The Walrus Says
Thanksgiving is a time to go home. A time to hug family
and old friends and talk of shared happy happenings in times that will never be again.
Phyllis (Bradley) Anderson came a little early this year from her home in Wilmington, Ohio, but her thoughts and feelings echo the spirit of thanksgiving for the things that were.
Following a visit here at the end of October she dropped us a line.
“The island means so much to me as I grew up there back in the 30s and early 40s. Those were the good ole days, the days of ferry boats, everyone knew everyone else (and their business too), where we were free of wondering if something bad was going to happen to us kids.
“I have just spent a wonderful week on the island in spite of the rainy week. My hostess, Regina (Littlefield) Gagne, took me all over the island my what a change!! As in years past I met with those I’ve known since the 4th grade for lunch and a ‘do you remember’ Regina, Lily (Cabral) Costa, Annie (Vieria) Busse. We all graduated from Rogers High School ‘42. I was able to attend the Baptist Church and actually met Nancy (Caswell) Mason and her brother Chet who I babysat when they were children.
“Our high school days had some excitement too the 1938 hurricane, a Valentine Day blizzard when the ferry stopped running and the Jamestowners were left in Newport. My dad, Clifton E. Bradley, was Supt. of Schools in Jamestown and made arrangements for us to stay overnight at the Viking Hotel. We also had to leave Rogers in a hurry as supposedly a German sub had been spotted in the bay. We certainly made haste and of course made believe we were brave spotters. I don’t really know if there had been a sub, but there were some scared kids!! During the winter months we found plenty to do all over the island, known only to those who lived there ‘back then’!!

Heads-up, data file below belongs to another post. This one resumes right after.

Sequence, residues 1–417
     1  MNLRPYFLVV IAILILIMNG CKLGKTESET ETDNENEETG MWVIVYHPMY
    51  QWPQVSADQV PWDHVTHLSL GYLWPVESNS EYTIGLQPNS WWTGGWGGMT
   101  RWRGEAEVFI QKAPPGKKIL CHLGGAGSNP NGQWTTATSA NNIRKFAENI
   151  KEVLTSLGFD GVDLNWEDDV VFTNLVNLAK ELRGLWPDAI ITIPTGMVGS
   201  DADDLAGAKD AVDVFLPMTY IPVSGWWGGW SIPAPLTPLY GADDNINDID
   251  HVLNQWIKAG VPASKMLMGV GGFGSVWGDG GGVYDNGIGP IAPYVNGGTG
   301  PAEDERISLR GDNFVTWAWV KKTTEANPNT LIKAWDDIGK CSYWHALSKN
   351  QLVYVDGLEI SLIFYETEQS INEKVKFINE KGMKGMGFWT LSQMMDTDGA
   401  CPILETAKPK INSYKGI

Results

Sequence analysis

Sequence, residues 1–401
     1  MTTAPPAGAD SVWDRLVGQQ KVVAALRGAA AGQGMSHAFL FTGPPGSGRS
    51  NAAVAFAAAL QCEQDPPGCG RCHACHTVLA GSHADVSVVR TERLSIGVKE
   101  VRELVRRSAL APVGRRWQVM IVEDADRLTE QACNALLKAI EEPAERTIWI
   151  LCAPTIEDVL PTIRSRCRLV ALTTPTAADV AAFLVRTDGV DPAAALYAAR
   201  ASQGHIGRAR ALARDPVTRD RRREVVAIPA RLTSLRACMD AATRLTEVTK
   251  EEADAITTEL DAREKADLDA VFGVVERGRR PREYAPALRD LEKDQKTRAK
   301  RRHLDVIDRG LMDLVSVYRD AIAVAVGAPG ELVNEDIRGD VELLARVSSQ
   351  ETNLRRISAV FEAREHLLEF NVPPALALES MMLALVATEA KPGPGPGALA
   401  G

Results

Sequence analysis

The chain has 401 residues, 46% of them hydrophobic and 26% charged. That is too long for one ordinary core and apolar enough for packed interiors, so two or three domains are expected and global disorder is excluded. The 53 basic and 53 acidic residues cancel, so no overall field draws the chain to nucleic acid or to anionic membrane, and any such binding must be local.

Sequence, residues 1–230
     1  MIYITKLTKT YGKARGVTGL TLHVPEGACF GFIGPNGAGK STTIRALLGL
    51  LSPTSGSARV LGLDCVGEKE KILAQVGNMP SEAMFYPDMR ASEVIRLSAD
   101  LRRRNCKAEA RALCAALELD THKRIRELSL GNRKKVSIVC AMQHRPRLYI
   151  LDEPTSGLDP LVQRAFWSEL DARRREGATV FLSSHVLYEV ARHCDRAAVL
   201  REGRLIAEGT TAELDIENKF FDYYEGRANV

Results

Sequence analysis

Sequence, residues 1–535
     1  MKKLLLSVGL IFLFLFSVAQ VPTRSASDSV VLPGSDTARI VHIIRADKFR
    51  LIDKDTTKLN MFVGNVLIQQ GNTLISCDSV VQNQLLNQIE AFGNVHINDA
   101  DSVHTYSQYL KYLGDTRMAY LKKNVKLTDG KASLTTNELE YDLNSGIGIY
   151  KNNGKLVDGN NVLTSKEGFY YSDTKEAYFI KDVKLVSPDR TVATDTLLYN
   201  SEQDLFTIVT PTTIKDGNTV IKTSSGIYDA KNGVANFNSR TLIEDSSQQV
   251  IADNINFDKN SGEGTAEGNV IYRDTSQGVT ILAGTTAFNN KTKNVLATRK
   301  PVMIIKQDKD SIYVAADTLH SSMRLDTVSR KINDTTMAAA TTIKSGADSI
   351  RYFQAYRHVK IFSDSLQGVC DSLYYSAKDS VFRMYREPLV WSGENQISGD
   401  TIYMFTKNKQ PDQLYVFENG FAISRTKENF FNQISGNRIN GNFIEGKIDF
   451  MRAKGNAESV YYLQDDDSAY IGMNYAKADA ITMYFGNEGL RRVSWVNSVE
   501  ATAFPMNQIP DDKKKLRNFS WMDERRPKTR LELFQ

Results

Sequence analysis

“I am looking forward to going back in May 2006.”
Thanks Phyllis, we look forward to your return.
Have a great Thanksgiving and Christmas.
Barbara Pritchard is in a tranquil mood. She writes: “Don’t you love to see the leaves dancing along a country road on a breezy autumn day; the leaves that bank the sides of the road making the whole scene look so-o-o soft?”
If it’s true that the Indians brought lobsters to the first Thanksgiving dinner, we’ll eat with the Indians.
Since school began in September a group of eighth graders from the Jamestown School have been meeting each weekday morning at the East Ferry Deli.
Starting around 7 the parents drop them off out front and students gather for breakfast sandwiches and beverages. While the adult Deli regulars at other tables go about their grown-up banter, the young friends put the finishing touches on homework and plan their strategies for the upcoming school day.
The members of this unique breakfast club are Tommy Stacom, Ethan Flynn, Eloise Heath, Grandson Tom, Clay McKenna and Kelly Scully.
You’ll see them walking up Narragansett Avenue in time for 8:20 classes.
Narragansett Avenue is one of the island streets that the PTO hopes to light up on December 3.
The group is sponsoring Jamestown’s first “Starry Night” on the evening of the tree lighting at East Ferry.
Liz Byrne said at 5 p.m. businesses and residents will be asked to light rows of luminaries available from the PTO. “The result will be a beautiful, magical winter scene for pedestrians and other passers-by. A coordinated lighting of luminaries is a longstanding tradition in other small communities,” Liz advised us.